Monday, May 17, 2010
Latitudes are all relative
I can't believe how often I hear people using the latitude of a winery to sell their wines. "Oh, it's the same latitude as (fill in the blank). That reasoning is an easy, lazy and completely misleading way to compare 2 wineries that are continents apart.
I know, it sounds easy to use this not only to explain, but to help understand. Wine grape growing is a complicated matter that depends on many factors for success. Latitude is unfortunately, usually not the most important factor. Cleveland, Chicago and NYC all lie along the same Latitude as Burgundy, Napa is considerably further south than Bordeaux, and actually, Willamette Valley is the same Latitude as Bordeaux.
Factors we don't discuss often enough are the Trades (or Tradewinds) which save Dijon from Midwest-type Winters, even though it is further North than Minnesota. Diurnal temperature swings, which have more to do with relative average humidity than global position, unless you factor in marine influence. Then there is alkali vs. acid soil types, which is a completely different set of micro-factors.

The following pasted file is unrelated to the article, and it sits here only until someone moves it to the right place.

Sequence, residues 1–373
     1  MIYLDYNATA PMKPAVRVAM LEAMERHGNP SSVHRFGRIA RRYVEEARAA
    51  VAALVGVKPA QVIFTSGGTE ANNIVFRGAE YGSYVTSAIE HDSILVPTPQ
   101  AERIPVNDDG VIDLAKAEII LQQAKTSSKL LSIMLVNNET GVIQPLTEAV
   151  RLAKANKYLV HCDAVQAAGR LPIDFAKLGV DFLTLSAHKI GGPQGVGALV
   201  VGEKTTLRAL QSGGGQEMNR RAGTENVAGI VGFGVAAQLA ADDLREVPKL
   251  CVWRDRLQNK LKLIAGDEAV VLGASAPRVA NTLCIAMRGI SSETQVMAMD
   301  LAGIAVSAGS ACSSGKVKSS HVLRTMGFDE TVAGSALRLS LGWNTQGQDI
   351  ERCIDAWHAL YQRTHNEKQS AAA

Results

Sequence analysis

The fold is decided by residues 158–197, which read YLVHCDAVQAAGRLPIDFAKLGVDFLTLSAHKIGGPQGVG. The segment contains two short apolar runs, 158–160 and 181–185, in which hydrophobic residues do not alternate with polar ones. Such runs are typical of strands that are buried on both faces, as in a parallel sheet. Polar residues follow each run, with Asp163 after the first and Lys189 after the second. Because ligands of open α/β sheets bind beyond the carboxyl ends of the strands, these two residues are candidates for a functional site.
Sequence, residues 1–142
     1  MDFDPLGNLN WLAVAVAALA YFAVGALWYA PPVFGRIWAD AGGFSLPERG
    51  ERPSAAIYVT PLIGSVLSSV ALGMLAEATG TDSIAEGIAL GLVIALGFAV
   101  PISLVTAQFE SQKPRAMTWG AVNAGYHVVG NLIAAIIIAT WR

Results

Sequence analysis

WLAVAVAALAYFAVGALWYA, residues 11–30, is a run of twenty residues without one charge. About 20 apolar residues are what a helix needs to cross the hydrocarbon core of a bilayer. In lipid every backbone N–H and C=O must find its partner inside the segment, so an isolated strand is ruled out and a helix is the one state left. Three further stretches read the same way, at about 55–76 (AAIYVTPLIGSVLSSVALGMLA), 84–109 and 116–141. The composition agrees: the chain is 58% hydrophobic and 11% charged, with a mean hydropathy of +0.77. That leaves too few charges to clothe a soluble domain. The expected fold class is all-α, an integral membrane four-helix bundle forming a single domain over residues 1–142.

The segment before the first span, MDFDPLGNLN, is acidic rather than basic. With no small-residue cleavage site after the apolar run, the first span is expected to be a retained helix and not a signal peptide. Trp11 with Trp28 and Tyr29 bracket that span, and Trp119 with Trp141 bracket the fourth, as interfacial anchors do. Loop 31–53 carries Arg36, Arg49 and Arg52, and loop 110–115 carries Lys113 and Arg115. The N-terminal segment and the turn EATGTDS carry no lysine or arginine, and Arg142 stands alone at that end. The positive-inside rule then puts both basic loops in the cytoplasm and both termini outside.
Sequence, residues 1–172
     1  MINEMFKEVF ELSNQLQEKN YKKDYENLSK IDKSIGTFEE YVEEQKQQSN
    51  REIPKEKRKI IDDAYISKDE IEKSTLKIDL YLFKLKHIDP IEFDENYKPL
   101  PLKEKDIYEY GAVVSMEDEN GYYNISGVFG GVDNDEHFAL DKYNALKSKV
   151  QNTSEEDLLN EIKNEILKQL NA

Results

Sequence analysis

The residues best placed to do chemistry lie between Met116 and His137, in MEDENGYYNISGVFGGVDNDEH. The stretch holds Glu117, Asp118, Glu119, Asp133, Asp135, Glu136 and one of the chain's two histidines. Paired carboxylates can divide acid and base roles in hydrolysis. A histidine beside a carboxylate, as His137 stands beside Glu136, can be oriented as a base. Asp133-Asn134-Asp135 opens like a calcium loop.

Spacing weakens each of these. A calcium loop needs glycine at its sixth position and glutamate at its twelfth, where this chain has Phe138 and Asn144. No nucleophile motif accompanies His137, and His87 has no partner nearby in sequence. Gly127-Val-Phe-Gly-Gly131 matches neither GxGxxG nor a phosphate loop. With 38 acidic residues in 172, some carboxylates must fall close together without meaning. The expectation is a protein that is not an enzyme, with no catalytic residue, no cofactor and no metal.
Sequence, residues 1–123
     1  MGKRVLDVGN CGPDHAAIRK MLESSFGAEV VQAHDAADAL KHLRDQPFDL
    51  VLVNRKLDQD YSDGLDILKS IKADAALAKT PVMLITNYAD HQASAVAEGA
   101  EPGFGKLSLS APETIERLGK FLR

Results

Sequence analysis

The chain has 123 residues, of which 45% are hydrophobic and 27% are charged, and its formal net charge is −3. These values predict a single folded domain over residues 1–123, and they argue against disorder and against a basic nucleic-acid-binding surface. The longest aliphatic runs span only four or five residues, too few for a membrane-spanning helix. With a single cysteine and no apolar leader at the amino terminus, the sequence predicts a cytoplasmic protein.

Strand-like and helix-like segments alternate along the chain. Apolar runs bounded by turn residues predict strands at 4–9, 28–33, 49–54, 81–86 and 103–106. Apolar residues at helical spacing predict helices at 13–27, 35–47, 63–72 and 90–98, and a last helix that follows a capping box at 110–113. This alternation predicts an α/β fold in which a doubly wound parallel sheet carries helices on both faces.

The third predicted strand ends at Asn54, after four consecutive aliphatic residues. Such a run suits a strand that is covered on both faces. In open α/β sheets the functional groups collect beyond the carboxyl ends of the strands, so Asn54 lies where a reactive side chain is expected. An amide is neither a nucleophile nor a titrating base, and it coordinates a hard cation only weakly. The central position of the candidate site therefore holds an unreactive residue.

It's tempting to try to oversimplify something as complex as grape growing, but as consumers dig deeper to try to figure out why their Pinot Noir from Winnipeg tastes more like something you'd find in a salad than what you might expect to find in Burgundy, you'd better come up with a better explanation.